CINCO DE MAYO

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Tomorrow would have been my dad’s 102nd birthday. He died August 10th, 2009 at the age of 97. I remember thinking year after year how when he reached 100 I was going to send his picture in to Willard Scott and see him on TV; but it didn’t work out that way.

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The picture up top is of him very young, probably sometime in the 1930’s in Tampico, Mexico; the town he was born and grew up in.

He was never much for Cinco de Mayo celebrations, but he was sure keen on his birthday. When I got married the first time I told him it would be on May 5th when I invited him.

            “But that’s my birthday. Can’t you pick some other day to get married?”

I had forgotten it was his birthday, being the self-centered good-for-nothing son that I was, but I also liked needling him, due to our contentious relationship, so I said: “No.”

            He came to the wedding, we got married at the Swedish Seaman’s Church on East 48th Street, and then we all went to Central Park for Pizza, soda, and a boat ride. I had pictures, but my ex-wife Kathy got to them before me when we divorced and destroyed them all. That’s too bad because some of the best pictures of her wearing the black vintage lace dress we bought on the street on St. Marks place were the best ever; she never looked so beautiful.

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This is not us, but you get the idea.

Then we all went to our apartment on Houston Street do drink and do drugs.

It was my brother Luis and his girlfriend, my friend Jon and his girlfriend, and a couple of other people that stopped by to celebrate once we got back to the Lower East Side. My dad went back to his place in hell’s kitchen to drink by himself.

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My dad in 1959

He remarried at some point in the 90’s, to a Brazilian woman named Irene. My mom died in 1977 and he was lonely and it was OK by me. Like I said, I’m pretty self-centered and don’t dwell too much about what other people do with their lives. She eventually got Alzheimer’s disease and her middle-aged son took her back to Brazil.

When I got divorced from Kathy I moved in with him in that horrible hovel he had on 47th Street, and after a while I had to put him in a nursing home. He had advanced prostate disease and dementia, he left the gas on a couple of times while I was at work and the landlord was looking for ways to evict us.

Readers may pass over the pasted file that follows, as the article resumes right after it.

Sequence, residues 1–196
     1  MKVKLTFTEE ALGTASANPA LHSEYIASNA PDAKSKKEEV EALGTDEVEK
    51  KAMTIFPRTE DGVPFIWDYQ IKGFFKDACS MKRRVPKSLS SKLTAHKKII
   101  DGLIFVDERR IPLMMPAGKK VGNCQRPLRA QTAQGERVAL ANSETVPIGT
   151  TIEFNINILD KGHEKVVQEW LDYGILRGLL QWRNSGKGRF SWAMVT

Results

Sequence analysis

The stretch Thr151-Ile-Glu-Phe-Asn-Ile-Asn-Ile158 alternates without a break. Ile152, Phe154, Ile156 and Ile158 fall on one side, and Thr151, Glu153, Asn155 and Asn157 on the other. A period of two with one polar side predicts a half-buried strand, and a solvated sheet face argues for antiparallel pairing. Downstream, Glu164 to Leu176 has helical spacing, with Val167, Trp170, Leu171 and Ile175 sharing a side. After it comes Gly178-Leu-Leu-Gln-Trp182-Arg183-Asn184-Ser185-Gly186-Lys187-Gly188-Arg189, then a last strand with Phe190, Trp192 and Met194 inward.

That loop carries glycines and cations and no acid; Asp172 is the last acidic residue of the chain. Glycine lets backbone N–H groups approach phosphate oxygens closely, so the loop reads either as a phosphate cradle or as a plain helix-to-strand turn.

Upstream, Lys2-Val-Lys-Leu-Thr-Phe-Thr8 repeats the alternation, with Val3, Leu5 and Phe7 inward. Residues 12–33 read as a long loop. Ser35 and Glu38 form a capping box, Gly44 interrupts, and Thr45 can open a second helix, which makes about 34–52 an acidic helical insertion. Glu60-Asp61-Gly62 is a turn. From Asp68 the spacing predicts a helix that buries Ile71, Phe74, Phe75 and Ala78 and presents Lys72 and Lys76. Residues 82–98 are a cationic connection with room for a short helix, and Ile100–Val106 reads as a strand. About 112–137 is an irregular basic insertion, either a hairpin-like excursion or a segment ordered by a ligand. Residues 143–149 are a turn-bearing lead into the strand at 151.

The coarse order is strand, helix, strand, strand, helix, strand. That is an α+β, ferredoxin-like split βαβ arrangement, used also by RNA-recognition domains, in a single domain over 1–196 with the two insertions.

The apartment was a mess because old single men generally just let everything go. I did what I could to clean the place up and make it habitable.

We got to know each other anew in the short months we were roommates. I was in the process of getting clean and he was in the process of dying, as he liked to put it.

He had finally stopped drinking, and I think it had less to do with a desire to do so than a realization that it wasn’t doing much for him anymore. He had also stopped smoking, because he couldn’t afford it. When I moved in he helped himself to my cigarettes, since we smoked the same brand. Like father, like son.

He helped me through the pain of a bad divorce, and I was grateful for that; his cynical but pragmatic take on life was beginning to make sense.

            “Some things are not worth the trouble,” He’d said.

He got to see his grandson, my kid; Javier all grown up.

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This was right before he died, and I could see he was really happy to see Javier, who’d moved to Santa Fe NM with his mom in 2005. Javier was staying with Danusia and I in Brooklyn that summer.

That was a particularly momentous summer, my good friend Andy died the day before my dad did and I found out about both within minutes of each other. Danusia had left for Poland the day before and I had only Javier to share my grief with, and a 21 year-old hasn’t got much to offer in terms of experience, but he was there, and being there counts for something.

 At the end of the summer when Javier was to go back home his mother informed him he no longer had a room in her house. I had to reassure him that everything was going to be all right and not to be afraid to go out on his own; something he has accomplished. My dad would have been proud of him, as I am.

Life went on, it always does, and I was glad to have at least learned to love my dad rather than resent him for all the hurt I attributed to him. I understand that he did the best he could given what he was taught. I’m glad I learned differently and I’ve been able to pass that on to Javier.

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I have some pictures, and I found this one of my dad and my uncle in Mexico sometime in the 1940’s, and it looks for all the world like me and my brother did when we were that age. I’m glad I’ve got the pictures, and the family to back them up.

Happy, birthday, Papa.

About xaviertrevino

I like to write, take things apart and put them back together, turtles, and my lovely wife Danusia.
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2 Responses to CINCO DE MAYO

  1. This is lovely, Xavier. And the photos are wonderful.

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